The use of wild plant species or their halophytic relatives has been considered in plant breeding programs for developing salt and drought tolerant crops [1]. In this view, several researchers focused on the Aeluropus littoralis as a halophyte model for identification and isolation of the novel adaptation genes. Aeluropus littoralis is a perennial monocot grass with the small haploid genome of 349 Mb (2n = 2X = 14) using the C4 mechanism for carbon fixation [2] that grows in dry salty areas or marshes [3]. Aeluropus littoralis can survive where the water salinity is periodically high [4] and tolerate up to 1100 mM sodium chloride [5]. Therefore, A. littoralis can serve as valuable genetic resource for understanding the molecular mechanisms of stress-responses in monocots, and can potentially be used for improving tolerance to abiotic stresses in economically important crops [6]. Several morphological, anatomical, ecological, and physiological traits of A. littoralis have been investigated so far [5, 7, 8]. Meanwhile, a number of ESTs (expressed sequence tag), genes and promoters induced by the salt and drought stresses were isolated, sequenced and annotated at a molecular level [1, 3].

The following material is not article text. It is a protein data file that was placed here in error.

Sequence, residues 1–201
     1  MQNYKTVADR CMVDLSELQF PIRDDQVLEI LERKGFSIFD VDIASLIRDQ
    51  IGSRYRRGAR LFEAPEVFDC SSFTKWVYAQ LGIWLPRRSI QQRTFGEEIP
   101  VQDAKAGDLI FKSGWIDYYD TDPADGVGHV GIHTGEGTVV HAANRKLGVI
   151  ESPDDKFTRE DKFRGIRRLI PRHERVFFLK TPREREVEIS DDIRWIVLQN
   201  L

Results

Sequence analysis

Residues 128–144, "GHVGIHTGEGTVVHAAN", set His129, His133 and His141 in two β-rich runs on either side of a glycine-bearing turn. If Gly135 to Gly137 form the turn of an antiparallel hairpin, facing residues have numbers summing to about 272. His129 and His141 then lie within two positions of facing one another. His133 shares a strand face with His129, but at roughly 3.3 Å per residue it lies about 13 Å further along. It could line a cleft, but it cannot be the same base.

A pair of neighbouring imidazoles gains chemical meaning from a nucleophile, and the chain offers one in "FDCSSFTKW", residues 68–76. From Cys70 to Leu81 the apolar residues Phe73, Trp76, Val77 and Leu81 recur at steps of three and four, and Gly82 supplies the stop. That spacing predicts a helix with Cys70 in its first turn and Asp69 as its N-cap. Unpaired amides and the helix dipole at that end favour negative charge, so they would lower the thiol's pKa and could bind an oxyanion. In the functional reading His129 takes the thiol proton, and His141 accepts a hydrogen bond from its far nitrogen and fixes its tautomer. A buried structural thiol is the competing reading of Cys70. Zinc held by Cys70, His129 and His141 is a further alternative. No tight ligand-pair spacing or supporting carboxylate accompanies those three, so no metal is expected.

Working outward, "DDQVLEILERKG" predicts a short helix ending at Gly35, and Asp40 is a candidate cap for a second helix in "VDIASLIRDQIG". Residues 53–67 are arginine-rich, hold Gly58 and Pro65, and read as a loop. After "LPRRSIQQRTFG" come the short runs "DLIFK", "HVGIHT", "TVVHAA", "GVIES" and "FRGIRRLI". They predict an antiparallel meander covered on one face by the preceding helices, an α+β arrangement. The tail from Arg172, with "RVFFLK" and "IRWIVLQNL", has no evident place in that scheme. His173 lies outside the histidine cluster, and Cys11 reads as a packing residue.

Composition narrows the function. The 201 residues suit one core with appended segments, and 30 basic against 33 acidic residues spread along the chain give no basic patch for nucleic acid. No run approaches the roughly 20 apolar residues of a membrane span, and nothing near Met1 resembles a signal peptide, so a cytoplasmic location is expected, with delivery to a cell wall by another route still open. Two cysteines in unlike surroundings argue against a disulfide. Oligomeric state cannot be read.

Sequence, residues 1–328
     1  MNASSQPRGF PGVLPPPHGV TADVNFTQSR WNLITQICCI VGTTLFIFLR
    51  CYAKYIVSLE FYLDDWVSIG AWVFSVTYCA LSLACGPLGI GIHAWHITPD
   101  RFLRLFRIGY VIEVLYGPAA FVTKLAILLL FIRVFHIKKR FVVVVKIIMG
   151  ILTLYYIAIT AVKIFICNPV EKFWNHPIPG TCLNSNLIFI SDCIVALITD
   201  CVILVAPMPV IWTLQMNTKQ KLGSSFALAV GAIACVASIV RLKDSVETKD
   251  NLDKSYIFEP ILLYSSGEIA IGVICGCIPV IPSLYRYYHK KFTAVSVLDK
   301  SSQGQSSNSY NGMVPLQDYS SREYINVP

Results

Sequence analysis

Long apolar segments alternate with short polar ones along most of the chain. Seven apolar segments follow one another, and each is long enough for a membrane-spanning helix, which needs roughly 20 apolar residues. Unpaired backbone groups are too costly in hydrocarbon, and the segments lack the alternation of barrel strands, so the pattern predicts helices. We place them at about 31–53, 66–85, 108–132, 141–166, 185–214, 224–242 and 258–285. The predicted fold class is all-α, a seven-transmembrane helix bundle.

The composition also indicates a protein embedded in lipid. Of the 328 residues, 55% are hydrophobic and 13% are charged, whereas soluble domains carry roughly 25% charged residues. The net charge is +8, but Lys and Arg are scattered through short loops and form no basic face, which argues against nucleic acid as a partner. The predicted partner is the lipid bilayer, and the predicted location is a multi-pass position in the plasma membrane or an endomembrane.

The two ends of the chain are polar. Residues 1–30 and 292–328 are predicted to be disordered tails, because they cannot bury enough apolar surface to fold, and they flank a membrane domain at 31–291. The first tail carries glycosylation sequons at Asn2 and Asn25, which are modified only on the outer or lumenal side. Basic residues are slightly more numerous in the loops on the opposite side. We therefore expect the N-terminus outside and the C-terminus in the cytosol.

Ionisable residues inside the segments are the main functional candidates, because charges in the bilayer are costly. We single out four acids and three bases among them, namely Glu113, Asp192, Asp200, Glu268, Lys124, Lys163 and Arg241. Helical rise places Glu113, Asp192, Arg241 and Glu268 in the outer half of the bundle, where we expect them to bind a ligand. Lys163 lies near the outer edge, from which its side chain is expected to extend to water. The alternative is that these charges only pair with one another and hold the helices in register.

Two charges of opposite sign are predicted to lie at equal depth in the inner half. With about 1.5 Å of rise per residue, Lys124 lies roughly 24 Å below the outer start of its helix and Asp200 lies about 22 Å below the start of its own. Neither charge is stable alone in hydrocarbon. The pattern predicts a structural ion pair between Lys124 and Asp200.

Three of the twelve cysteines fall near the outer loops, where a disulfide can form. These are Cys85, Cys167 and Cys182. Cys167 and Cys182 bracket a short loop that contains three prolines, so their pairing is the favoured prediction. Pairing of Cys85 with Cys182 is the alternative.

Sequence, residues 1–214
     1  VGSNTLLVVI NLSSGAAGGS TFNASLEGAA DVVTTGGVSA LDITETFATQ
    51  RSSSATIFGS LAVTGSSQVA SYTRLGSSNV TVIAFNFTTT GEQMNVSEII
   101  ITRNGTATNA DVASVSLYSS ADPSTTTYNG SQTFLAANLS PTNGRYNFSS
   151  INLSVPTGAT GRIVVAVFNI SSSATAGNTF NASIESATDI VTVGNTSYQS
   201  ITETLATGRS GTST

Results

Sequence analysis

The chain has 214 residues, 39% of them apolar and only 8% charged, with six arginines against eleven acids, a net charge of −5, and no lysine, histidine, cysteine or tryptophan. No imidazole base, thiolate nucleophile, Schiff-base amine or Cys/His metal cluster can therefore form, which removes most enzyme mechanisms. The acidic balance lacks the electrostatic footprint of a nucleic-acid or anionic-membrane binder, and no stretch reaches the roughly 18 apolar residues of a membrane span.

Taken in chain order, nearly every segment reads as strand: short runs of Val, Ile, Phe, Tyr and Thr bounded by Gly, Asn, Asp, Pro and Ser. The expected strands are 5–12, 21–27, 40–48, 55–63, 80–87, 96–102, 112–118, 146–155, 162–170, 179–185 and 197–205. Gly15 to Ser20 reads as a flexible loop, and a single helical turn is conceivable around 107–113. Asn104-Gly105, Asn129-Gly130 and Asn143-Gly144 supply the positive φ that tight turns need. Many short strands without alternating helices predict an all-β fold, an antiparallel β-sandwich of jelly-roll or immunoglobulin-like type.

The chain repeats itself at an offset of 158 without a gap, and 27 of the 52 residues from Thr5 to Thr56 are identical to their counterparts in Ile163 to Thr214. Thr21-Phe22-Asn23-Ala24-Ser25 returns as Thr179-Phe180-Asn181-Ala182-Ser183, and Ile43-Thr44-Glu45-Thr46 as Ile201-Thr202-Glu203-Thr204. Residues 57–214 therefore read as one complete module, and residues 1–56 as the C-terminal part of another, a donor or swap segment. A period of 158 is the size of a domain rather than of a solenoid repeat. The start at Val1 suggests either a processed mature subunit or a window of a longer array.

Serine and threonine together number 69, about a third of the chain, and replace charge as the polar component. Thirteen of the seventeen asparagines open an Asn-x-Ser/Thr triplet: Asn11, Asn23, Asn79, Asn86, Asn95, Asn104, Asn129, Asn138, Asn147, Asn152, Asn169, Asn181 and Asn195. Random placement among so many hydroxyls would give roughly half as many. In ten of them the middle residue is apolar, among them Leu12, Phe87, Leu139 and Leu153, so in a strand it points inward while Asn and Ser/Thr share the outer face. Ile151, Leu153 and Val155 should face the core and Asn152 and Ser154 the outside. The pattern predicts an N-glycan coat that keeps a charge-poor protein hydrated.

With the availability of genome and transcriptome sequence information in most plant species, the identification and characterization of stress-induced genes is more feasible now. Network analysis of transcriptome data might lead to better understanding of complex traits such as survival, growth and differentiation [9, 10]. Quantitative real-time polymerase chain reaction (qPCR) analysis is one of the most currently used approaches for measuring gene expression level [11]. The sensitivity, specificity and simplicity of this technique is incomparable with other methods such as Northern and in situ hybridization, RNase protection assays and semi-quantitative reverse transcription-polymerase chain reaction (RT-PCR) [12]. For accurate and reliable quantification of the gene expression, some important issues need to be considered when a qPCR approach is used. This includes variations in the amount of starting material, RNA quality and quantity, efficiency of cDNA synthesis, and PCR efficiency among different cells and tissues [13, 14]. Among various procedures that have been applied to minimize variability and maximize reproducibility, the internal control genes, often referred to as reference genes or housekeeping genes (HKGs) are most frequently used for normalization [15]. The expression level of an ideal reference gene should be constant across all respected cells, tissues and experimental conditions beside of its least expression variance between the group of samples analyzed [13]. Recent findings show that there is no universal reference gene (with high expression stability) for all biological questions addressed [10]. Based on the above-mentioned facts, valid reference genes for every organism should be verified for each tissue, condition and developmental stage. Fortunately, in most studies, only a limited number of tissues and treatments are examined, so probably one or more genes are stably expressed under that condition [13].